Whether it's the corporate lunchroom, your cubicle, or the local watering hole after work, there are regular places we gather to discuss news, sports, or -- if you're like us -- stocks. Here at Motley Fool CAPS, we gather around the virtual water cooler daily to rate stocks and delve into their merits as investments.

Our 165,000-strong CAPS community -- where members give the thumbs-up or thumbs-down to some 5,400 stocks -- seeks businesses it thinks will outperform the market. Below we'll take a look at some of the most popular and talked-about stocks in the CAPS universe and examine whether you think they'll continue their winning ways.


CAPS Rating (out of 5)

No. of Calls

% Outperform Calls

Petrobras (NYSE: PBR)




Baidu.com (Nasdaq: BIDU)




PepsiCo (NYSE: PEP)




Source: Motley Fool CAPS.

Of course, just because a lot of investors find these stocks interesting doesn't mean they're an automatic addition to your portfolio. You still need to do more research to find out whether they're interesting because they're set to take off, or because their stocks are ready for a trip to the cellar.

A tall drink of water
With any luck, BP (NYSE: BP) has gotten the necessary equipment in place to sharply diminish the flow of oil into the Gulf of Mexico. The "top hat" looks like it was successfully attached to the damaged well, which portends a greatly reduced flow, though the leak would not be completely stopped.

If BP has done it, then a more rational look at deepwater drilling can take place. In the aftermath of the disaster, hysteria reigned, perhaps rightly so, but at one point it seemed as though the Obama administration was going to suspend shallow water drilling, too. The U.S. needs to be able to access elusive oil resources such as those found deep in the Gulf if we're to wean ourselves off foreign sources, so a complete ban on deepwater drilling -- let alone in shallow waters -- is not the answer.

All oil companies, including those not even party to the disaster, like Brazilian driller Petrobras, have been dinged by it, though. Petrobras' stock is 15% below where it was before the Transocean (NYSE: RIG) rig collapsed in an explosion, but investors like CAPS member Geofiz see its recent discoveries as shielding it from any additional fallout:

Petrobras is my number one long term stock. They have made huge discoveries in Brazil's subsalt basins. The sole factor which could prevent Petrobras from becoming the world's largest public oil company is that of financing and schedule. If the company can develop these fields in an orderly manner, nothing can stop them.

Something to build on
When your potentially biggest rival abandons the field of play, your own prospects for dominating the pitch grows exponentially. Such is the situation Baidu.com finds itself in after Google (Nasdaq: GOOG) left its operations on mainland China (it still offers service from Hong Kong) because of hacking attacks on its site aimed at Chinese human rights activists. With the government there mandating that search results be filtered, Google decided to move offshore and provide at least limited access to data.

With no real challengers left, Baidu's stock has soared 86% so far this year, even as China's Shanghai Composite index has fallen 22%. At 100 times trailing earnings and almost 40 times 2011 profits, the search engine doesn't exactly appear cheap, but if you compare that to its long-term growth prospects, you see it's not particularly overvalued.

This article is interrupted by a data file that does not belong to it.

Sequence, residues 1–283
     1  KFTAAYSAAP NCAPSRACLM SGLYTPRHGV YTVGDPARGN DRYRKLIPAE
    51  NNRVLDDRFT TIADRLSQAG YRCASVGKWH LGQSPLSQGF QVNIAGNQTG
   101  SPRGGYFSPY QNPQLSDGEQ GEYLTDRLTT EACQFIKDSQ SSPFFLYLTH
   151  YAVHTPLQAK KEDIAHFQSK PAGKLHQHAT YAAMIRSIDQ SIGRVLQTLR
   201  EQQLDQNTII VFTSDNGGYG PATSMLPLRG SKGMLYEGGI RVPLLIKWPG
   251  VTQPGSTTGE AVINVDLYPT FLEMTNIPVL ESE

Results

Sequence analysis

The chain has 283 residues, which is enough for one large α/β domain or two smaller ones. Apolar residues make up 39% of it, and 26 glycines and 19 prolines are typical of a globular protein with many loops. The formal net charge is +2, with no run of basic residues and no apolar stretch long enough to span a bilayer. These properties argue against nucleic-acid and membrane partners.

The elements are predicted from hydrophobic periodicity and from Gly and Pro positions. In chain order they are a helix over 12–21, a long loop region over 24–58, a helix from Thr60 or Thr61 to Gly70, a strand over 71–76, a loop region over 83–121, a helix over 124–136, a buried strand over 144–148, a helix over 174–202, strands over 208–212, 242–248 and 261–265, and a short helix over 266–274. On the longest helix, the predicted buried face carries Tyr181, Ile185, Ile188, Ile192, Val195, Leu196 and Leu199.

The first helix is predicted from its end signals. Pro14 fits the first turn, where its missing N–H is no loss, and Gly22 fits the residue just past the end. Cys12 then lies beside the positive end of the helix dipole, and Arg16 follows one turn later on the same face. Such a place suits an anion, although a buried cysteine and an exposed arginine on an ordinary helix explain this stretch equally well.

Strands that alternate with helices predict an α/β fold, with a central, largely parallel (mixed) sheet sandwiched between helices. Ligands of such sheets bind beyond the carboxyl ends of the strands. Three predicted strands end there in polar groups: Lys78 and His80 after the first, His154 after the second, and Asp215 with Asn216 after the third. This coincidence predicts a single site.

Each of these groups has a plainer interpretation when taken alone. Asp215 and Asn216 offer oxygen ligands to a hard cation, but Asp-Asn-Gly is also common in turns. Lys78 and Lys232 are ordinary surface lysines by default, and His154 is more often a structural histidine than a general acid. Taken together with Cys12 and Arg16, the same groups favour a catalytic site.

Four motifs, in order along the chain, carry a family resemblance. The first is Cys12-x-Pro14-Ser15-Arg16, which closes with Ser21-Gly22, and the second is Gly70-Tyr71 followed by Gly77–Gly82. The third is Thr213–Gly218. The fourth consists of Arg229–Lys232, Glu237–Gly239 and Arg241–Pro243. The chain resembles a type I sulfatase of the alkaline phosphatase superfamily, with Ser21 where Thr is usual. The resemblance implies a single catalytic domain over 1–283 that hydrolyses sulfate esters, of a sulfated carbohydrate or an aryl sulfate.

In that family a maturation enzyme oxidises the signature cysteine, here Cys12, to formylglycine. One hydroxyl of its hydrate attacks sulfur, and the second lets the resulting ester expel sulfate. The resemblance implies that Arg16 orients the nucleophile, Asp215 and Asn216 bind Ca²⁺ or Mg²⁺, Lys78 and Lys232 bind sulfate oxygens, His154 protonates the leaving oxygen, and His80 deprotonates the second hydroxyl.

CAPS member gse46 thinks all the stars are in alignment for Baidu, and that we'll wistfully look back at today's prices:

Much of China's lower class is still moving up into the middle class area. As that happens the population is buying more computers/laptops/IPADS etc.....which means BAIDU will continue its rise for the foreseeable future! Just imagine where this company will be 15-20 years from now?

The pause that refreshes
llgrout suggests that investors considering putting money into beverage and food giant PepsiCo pair up its stock chart with that of the market index, and you'll see they typically march lockstep. You could overlay Coca-Cola (NYSE: KO) on top of that, too, and see a similar pattern. A bet here is pretty much a bet on a recovery of the overall U.S. economy:

If you look at pepsico's chart, it is right in line with the market. Why? Simple, when the economy is doing well people have more money and time for non essentials such as junk food, and other luxury products which pepsico sells. They are also feeling better about themselves, so they are more likely to open up the wallet for stuff they truly don't need. A bet on pepsico is a bet that the economy will recover just fine.

As he notes, they have far-flung operations, and if a recovery can take root in a number of places, they (and the indexes) should be marching higher.

Gather 'round
With so many good opinions about today's top companies, why not grab a pointy paper cup from the dispenser and join us at the Motley Fool CAPS water cooler? Your input can help guide other investors to stocks with bright prospects for growth. Read a company's financial reports, scrutinize key data and charts, and examine the comments your fellow investors have made, all from a stock's CAPS page.

Sign up today for the completely free service, and let us hear what you have to say about the great and almost-great companies that interest you.

Coca-Cola is a Motley Fool Inside Value recommendation. Baidu and Google are Motley Fool Rule Breakers picks. Coca-Cola, Petroleo Brasileiro, and PepsiCo are Motley Fool Income Investor recommendations. Motley Fool Options has recommended a diagonal call position on PepsiCo. The Fool owns shares of Coca-Cola. Try any of our Foolish newsletter services today, free for 30 days.

Fool contributor Rich Duprey does not have a financial position in any of the stocks mentioned in this article. You can see his holdings here. The Motley Fool has a disclosure policy.